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The Ambassador: A Hotel Wonder*

Posted by Allan Ellenberger on Jul 7th, 2013
2013
Jul 7

DOCUMENTARIES

The Ambassador: A Hotel Wonder

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The following article appeared in the Los Angeles Times a few days after the opening of the Ambassador Hotel in 1921. Today the Ambassador is gone, destroyed by those who are without respect for Los Angeles’ glorious past. A new documentary, After 68, by Camilo Silva is in the works to chronicle the remarkable story of the Ambassador Hotel. The producers will use this film to “raise awareness about the importance of historic preservation worldwide.”

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After 68 is a feature length documentary film that examines historic preservation through the lens of the 15-year struggle to save the famed Ambassador Hotel from demolition. This film will recount the monumental history of the Ambassador and investigate the importance of historic preservation within contemporary urban landscapes.

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To learn more about the making of After 68 and to have a chance to participate in its making, go to their website at http://www.after68.com/

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Los Angeles Times
January 20, 1921

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With the completion of the ultra-modern Ambassador Hotel, Los Angeles can boast the most commodious hostelry in the West; and it is to the enterprise and vision of a Los Angeles and New York syndicate that we owe this latest and most welcome addition to the city beautiful.

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Placing $5,000,000 in a hotel project at a time when the finances of the country and the world were swaying a bit unsteadily, when the pessimists were noisy and the optimists were dumb, required both courage and foresight. Such projects have been promoted repeatedly by local speculators, but on paper. At one time, a ge3neration ago, they went so far as to build a foundation for a metropolitan hotel down on South Main Street; but they made it so big that their money was all spent by the time the basement was finished. It never rose even so high as a first story.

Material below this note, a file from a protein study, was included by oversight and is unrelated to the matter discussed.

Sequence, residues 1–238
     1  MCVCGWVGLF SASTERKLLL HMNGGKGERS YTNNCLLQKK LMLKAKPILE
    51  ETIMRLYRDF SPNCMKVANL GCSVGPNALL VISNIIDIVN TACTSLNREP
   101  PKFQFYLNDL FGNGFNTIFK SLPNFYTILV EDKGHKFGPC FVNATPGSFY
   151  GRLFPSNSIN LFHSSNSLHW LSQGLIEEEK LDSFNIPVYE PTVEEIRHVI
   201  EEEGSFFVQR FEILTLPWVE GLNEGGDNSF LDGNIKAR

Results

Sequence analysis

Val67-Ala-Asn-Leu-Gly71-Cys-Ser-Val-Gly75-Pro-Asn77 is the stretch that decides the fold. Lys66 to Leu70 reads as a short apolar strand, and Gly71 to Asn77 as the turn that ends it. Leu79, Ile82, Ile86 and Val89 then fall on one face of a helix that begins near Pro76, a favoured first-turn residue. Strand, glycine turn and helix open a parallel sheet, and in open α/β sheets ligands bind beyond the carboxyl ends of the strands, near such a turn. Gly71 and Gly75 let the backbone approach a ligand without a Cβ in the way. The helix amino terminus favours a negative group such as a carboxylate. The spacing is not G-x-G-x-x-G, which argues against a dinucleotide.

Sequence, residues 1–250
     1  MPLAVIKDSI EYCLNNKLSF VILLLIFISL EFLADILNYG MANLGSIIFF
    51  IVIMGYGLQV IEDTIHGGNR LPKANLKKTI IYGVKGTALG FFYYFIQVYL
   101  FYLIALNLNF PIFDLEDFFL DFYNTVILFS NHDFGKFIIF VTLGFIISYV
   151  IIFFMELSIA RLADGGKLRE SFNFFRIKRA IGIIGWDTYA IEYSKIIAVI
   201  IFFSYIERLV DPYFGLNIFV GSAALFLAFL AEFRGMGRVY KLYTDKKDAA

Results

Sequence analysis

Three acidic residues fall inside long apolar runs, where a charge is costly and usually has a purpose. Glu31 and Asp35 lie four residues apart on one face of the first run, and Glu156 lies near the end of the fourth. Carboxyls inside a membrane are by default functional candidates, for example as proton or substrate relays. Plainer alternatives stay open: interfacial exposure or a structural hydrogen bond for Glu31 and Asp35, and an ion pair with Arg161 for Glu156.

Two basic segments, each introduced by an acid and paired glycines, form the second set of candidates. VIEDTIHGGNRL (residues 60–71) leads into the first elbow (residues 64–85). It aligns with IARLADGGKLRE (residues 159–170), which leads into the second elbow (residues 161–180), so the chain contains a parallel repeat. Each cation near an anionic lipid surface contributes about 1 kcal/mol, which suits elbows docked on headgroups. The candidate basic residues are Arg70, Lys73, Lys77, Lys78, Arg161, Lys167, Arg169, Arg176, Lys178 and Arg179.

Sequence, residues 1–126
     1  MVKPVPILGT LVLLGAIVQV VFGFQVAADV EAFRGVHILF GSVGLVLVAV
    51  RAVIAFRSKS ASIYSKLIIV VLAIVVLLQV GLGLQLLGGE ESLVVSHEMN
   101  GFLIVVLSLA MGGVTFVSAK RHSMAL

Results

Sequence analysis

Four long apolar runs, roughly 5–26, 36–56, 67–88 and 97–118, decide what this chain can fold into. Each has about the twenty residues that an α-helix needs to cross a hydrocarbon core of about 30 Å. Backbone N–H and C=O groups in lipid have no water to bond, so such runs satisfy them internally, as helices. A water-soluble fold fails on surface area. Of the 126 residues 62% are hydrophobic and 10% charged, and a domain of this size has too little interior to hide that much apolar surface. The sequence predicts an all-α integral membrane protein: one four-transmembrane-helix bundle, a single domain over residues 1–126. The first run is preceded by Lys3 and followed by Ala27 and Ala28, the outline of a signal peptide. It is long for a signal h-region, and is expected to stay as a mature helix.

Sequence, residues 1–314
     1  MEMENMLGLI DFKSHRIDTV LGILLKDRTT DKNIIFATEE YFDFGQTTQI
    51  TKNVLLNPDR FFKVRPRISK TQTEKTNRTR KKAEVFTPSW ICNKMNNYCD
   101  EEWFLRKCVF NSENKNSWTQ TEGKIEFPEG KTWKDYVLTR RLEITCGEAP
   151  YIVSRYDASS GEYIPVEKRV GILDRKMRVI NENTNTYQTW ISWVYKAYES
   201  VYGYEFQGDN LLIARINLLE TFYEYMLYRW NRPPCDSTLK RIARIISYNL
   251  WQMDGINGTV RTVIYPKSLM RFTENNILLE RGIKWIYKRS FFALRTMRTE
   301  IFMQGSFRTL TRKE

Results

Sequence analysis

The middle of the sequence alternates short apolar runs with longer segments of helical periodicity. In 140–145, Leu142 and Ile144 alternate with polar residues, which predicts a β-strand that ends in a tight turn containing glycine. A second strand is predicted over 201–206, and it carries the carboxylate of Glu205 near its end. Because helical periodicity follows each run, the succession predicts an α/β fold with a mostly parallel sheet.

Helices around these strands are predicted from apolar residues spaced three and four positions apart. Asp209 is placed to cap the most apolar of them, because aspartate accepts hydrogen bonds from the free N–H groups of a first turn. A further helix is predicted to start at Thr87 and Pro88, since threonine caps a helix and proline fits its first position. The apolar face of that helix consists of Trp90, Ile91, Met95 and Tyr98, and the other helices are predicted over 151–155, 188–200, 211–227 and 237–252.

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Only those who have passed through the portals of that palace of comfort and pleasure can form an adequate idea of what the last word in hotel construction really says. The location is unsurpassed; the lawns, grottoes and gardens form a charming bit of landscape that might have escaped from a canvas of Corot or Monet; the architecture of the building is of that classic Latin type that awakens visions of the best works of the Italian and French masters of the eleventh and twelfth centuries; the furnishings combine modern comfort with antique charm.

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It was with faltering footsteps and longing glances backwards that the greater number of the 3,000 guests of the opening night retired after the music ceased and the lights were turned low, like fairies fleeing at the approach of dawn. Visiting the Ambassador while in Los Angeles is like being received at the palace of the Queen. It recalls the sigh of the Arab poet, “It is easier to enter the enchanted gardens of Hadjiz than to depart again.”

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after68

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Click here to learn more about the making of After 68 and a chance to participate in its making.

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4 Responses

  1. Allan Ellenberger Says:

    Makes me sick to my stomach that this historic place was destroyed! When will the insanity stop? Hollywood has the most memorable history RECORDED on film, yet that history is falling to the hands of the wrecking companies. Part of the mystique of Hollywood is to visit the old haunts of the “Golden Age Stars” of Yesteryear. Thank you Allan for posting these important items on your blog.

  2. Anne Says:

    I agree completely with Allan Ellenberger’s comments regarding the deplorable destruction of historic places in Hollywood.

  3. Tim Minear Says:

    Ahhh, the Ambassador! I did a show called “Angel” several years ago and we shot there many times. Last time around October of 2001. I can recall walking those haunted hallways, going into the Grove and breathing in the history. It really was a magical place, even in its decay.

  4. Annabelle Says:

    It is very sad that LAUSD could not find a happy medium with the conservationist group in honoring the Ambassador Hotel. While I understand that there are strict standards that needs to be complied in building schools, you would think that with a place of historic significance, a school district would want to show that they believe education can be achieved in many different ways, asides from reading textbooks.

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